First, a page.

“I stopped doing it as much because I noticed the family aspect of the school and not the disciplinary,” he said.
Connecting the Textbook to the Real World
The confidence that students develop through their relationships with school faculty and peers gives them the agency to be independent learners and take more academic risks, say staff.
On a tour of the school, ninth-grade student and high school ambassador Sophia points out posters of Mars dotting the halls of the sixth-grade wing and a giant solar system decal lining the floor. “In sixth grade, we do this big expedition about Mars,” explains Sophia, who describes conditions on the planet.
There’s also a related class in English-language arts where students analyzed whether an astronaut’s mission to Mars aligned with stages from the hero’s journey in Percy Jackson and the Olympians: The Lightning Thief, and a culminating event where students present their learning to the public.
The units on Mars are just one learning “expedition,” though. A hallmark of EL schools, expeditions, or cross-curricular projects with real-world relevance, are expected at every grade level and give students opportunities to take their learning outside the school.
This self-directed learning approach is used throughout Springfield Renaissance—when you step into classrooms, it’s rare to see a teacher lecturing in front. Instead, students are co-participants in discussions and help drive the lesson with teachers, who ask probing questions to provoke student curiosity and deeper-level thinking. Whenever possible, teachers connect textbook content to current events or societal or global challenges to make learning more relevant.
“I think kids are motivated when they see that their work matters,” says Lindsay Slabich, an EL lead teacher, of the autonomy and independence that the school gives students. “They see that they can make a difference, and they want to make their work the best they can be.”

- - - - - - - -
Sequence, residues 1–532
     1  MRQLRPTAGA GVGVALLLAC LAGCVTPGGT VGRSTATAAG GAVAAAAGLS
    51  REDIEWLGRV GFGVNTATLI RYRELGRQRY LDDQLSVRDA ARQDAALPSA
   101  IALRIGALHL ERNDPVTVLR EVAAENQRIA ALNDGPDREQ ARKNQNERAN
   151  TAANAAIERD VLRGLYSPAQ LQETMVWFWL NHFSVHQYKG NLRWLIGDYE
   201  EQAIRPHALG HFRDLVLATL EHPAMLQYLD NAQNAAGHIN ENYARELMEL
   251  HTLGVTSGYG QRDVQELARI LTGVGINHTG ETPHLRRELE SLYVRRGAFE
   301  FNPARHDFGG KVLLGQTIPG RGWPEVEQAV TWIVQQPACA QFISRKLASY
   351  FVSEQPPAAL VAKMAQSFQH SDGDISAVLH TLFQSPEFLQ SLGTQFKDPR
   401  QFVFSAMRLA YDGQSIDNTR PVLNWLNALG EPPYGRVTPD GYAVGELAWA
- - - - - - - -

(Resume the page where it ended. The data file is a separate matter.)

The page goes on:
The Courage of Your Convictions
Sometimes these connections to real-world issues can turn into class-long discussions about society’s deepest challenges—and staff and students don’t shy away from them. “There are events happening outside of our building that trickle into our building that we can’t ignore,” explains Coburn.
In classrooms, students are given dedicated time for open dialogue during which they talk about difficult issues of race and equity, gender roles, and bias, among other hard topics. Thought-provoking questions provide helpful structure, and the emphasis on emotional safety makes students comfortable to share opinions and brainstorm solutions.
Staff aren’t left out of these conversations either. Teachers often share their own experiences with students, and all staff are assigned to adult crews, which meet monthly, to learn how to model courageous conversations. Staff members say that the close relationships they form with colleagues through crew help them hold each other accountable to the high standards they set in their department and grade-level teaching teams.
In Jon Galanis’ high school U.S. history class, students come to class prepared to discuss modern-day feminism after reading excerpts from Betty Friedan’s The Feminine Mystique. Galanis joins the students’ conversation by talking about inequity in his home life.
With the space and openness that have been created for the conversation, students similarly feel more free and comfortable to talk. Adia, an 11th-grade student in the course, says the class “creates a culture where we don’t have the option to opt out” and shows her “that you are close to this history—you still have to interact with this daily based on the structures that we see in our nation.”